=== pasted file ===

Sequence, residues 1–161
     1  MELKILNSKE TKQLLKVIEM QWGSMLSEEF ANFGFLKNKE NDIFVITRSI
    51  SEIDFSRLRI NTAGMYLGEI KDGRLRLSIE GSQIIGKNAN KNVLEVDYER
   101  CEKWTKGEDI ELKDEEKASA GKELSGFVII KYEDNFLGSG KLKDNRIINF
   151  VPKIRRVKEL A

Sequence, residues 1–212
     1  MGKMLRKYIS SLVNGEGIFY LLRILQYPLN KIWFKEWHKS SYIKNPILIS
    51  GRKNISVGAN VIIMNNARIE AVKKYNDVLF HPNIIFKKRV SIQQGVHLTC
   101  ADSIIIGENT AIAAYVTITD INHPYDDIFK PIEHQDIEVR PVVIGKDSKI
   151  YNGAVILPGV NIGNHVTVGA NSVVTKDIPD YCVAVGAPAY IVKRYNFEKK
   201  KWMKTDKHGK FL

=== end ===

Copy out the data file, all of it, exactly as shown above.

Sequence, residues 1–161
     1  MELKILNSKE TKQLLKVIEM QWGSMLSEEF ANFGFLKNKE NDIFVITRSI
    51  SEIDFSRLRI NTAGMYLGEI KDGRLRLSIE GSQIIGKNAN KNVLEVDYER
   101  CEKWTKGEDI ELKDEEKASA GKELSGFVII KYEDNFLGSG KLKDNRIINF
   151  VPKIRRVKEL A

Sequence, residues 1–212
     1  MGKMLRKYIS SLVNGEGIFY LLRILQYPLN KIWFKEWHKS SYIKNPILIS
    51  GRKNISVGAN VIIMNNARIE AVKKYNDVLF HPNIIFKKRV SIQQGVHLTC
   101  ADSIIIGENT AIAAYVTITD INHPYDDIFK PIEHQDIEVR PVVIGKDSKI
   151  YNGAVILPGV NIGNHVTVGA NSVVTKDIPD YCVAVGAPAY IVKRYNFEKK
   201  KWMKTDKHGK FL